Online magazine Slate has published the Tim Hartford column on possible manipulation of the “H. Clinton becomes President in 2008” prediction market at Intrade. (Yes, the same column that appeared June 29 at the Financial Times , and blogged about here on July 1.)
On this topic, Slate is late and even the FT was a little behind the story. When the FT published last week, the price of the Clinton contract had already fallen most of the way back to the levels that prevailed before the alleged manipulation, and today the price was all the way back to the mid $20s. (If you want to keep up with prediction market news, you need to follow Midas Oracle.)
It is difficult to prove manipulation in almost any market, and manipulation of prediction markets may be much harder to demonstrate that most cases. To try to get a handle on the somewhat slippery notion of manipulation, consider as an example the standards for proving market manipulation under the U.S. Commodities Exchange Act. As summarized in a recent Senate subcommittee report, four elements are required:
(1) the accused had the ability to influence market prices;
(2) the accused specifically intended to influence market prices;
(3) artificial prices existed; and
(4) the accused caused the artificial prices.
In a continuous double auction, such as Intrade, it isn’t too hard to “influence market prices” in the short run – all you need is enough backing to buy or sell your way through the queue of standing orders until you reach your desired price. To maintain your price, you just need pockets deep enough to satisfy all comers. An examination of one’s trading patterns may be sufficient to show ability to influence price and may provide indirect evidence of intention to influence price.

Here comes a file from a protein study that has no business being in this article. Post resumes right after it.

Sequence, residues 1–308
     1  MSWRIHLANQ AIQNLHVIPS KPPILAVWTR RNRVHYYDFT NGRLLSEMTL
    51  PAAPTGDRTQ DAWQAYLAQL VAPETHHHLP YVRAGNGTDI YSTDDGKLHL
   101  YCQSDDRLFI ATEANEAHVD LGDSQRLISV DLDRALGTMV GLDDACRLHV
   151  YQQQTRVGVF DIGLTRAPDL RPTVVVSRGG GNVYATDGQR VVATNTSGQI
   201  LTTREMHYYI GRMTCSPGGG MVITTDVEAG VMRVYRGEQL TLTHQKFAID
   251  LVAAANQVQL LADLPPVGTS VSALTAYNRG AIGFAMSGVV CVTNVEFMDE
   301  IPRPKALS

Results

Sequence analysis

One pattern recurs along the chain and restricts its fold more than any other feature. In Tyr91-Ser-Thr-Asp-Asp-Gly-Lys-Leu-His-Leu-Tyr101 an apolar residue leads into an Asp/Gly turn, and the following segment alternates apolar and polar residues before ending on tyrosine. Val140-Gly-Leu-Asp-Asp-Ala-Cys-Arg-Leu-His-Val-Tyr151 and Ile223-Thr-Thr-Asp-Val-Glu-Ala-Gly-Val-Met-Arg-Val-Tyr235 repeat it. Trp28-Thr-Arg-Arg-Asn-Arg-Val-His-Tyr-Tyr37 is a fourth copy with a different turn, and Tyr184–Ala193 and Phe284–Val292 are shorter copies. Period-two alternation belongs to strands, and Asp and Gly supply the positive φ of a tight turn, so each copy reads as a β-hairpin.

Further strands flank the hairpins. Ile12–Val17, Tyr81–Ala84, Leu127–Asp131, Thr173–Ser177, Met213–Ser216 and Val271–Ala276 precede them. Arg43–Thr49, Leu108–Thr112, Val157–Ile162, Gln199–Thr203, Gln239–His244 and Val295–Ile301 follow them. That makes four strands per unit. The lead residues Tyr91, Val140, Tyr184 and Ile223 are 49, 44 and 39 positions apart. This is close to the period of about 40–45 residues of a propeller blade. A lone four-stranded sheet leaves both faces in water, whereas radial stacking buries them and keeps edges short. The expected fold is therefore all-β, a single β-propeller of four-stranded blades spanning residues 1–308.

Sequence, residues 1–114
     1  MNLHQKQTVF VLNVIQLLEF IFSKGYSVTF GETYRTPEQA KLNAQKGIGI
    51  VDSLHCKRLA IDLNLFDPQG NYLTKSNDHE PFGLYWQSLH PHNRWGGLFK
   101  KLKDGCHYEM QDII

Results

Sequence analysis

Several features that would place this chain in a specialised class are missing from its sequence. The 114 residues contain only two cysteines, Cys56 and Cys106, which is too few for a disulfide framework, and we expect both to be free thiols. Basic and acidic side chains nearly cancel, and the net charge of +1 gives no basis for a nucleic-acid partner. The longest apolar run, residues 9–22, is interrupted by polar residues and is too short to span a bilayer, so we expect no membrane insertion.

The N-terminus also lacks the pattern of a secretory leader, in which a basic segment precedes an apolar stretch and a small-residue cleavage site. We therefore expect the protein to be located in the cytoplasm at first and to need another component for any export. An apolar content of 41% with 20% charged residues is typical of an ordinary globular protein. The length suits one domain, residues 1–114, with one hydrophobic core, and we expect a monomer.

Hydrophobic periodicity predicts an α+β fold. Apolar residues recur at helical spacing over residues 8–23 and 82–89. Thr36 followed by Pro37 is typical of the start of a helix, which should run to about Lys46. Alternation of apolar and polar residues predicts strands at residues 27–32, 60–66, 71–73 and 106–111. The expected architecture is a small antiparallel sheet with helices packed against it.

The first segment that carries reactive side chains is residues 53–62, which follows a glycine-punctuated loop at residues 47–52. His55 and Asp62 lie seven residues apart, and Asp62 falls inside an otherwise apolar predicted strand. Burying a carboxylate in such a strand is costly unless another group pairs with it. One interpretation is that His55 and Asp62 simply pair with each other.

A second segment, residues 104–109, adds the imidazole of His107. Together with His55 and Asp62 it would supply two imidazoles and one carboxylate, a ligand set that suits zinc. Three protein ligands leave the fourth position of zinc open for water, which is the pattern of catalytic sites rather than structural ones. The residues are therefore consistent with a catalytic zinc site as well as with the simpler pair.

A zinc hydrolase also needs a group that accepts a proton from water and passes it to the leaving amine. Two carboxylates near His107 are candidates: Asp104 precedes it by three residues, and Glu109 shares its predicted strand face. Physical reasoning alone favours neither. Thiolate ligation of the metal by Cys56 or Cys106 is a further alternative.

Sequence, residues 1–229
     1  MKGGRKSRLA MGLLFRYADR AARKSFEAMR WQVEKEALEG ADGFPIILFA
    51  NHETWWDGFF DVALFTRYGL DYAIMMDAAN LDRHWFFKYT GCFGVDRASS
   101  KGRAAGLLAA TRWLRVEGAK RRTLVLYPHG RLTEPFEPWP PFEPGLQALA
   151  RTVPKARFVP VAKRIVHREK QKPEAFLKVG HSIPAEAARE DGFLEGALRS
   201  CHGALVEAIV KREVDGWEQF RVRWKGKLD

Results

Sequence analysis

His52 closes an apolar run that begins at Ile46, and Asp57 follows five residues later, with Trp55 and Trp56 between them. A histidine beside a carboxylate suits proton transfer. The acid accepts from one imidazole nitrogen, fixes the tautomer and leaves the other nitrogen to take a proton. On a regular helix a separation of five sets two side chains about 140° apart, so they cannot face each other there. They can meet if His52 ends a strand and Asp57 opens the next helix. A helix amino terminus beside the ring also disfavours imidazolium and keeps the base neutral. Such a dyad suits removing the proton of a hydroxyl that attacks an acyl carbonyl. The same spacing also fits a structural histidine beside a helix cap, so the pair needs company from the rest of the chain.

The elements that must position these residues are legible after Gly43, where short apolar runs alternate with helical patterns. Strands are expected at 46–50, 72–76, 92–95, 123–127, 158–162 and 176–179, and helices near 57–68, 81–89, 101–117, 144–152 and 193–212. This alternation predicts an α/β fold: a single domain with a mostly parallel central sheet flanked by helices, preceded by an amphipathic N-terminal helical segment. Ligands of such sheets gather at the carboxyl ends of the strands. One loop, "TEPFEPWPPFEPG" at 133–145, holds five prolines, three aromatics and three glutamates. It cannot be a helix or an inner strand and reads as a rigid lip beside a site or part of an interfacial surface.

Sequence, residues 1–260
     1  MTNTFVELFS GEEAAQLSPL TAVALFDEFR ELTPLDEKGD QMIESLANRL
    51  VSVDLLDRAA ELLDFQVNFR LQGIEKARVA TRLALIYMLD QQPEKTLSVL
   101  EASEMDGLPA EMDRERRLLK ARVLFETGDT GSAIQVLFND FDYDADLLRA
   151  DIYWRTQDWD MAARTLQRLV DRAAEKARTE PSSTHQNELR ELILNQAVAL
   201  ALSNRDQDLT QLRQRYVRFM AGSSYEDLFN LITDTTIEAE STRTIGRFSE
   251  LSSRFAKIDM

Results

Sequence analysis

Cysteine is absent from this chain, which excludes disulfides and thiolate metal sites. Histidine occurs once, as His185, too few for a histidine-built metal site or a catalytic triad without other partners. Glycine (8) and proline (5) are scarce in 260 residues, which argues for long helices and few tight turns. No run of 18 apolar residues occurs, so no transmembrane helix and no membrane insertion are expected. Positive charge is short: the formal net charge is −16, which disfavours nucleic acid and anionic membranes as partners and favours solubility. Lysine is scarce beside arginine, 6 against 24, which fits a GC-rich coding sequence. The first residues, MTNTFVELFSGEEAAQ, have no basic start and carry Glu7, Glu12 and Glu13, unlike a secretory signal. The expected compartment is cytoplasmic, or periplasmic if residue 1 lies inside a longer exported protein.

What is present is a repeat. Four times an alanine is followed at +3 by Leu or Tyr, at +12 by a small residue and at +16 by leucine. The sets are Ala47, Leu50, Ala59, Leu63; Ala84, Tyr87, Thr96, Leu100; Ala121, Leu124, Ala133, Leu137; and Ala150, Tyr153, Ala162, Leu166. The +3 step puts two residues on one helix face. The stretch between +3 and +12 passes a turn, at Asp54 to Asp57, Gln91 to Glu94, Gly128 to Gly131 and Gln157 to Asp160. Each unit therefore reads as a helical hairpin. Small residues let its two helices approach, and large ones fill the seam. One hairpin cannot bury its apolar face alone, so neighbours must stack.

But what about this notion of “artificial prices”? In a general sense, an “artificial price” seems to be a price deviating from fundamentals in ways not readily explained. Perhaps this sort of issue is easy enough to examine for a commodity futures market, but it seems to be much harder to investigate the issue in the case of prediction markets. In particular, how would a market observer – even one with full access to trading records – differentiate between the activities of a deep-pocketed trader who seeks to manipulate the price and a deep-pocketed trader who simply has a significantly different estimate of the underlying probabilities?
I think the potential for manipulation troubles some prediction market folks because it puts an implied asterisk next to any prediction market price that says “caution: the price you currently observe in this market may not truly represent the collective opinion of the population of traders, but instead may reflect an attempt to manipulate the market outcome.” The possibility of manipulation taints the purity of the price as a predictor.
Nonetheless, in the longer run deep-pocketed manipulators are the prediction market’s friend. As a paper by Robin Hanson and Ryan Oprea notes (cited in Hartford’s column), the net effect of a manipulator is to subsidize participation of informed traders in the market and to motivate informed traders to collect more information. More trading, more informed participation, and more information being brought to market: all good things for the market.
(HT Midas Oracle, of course.)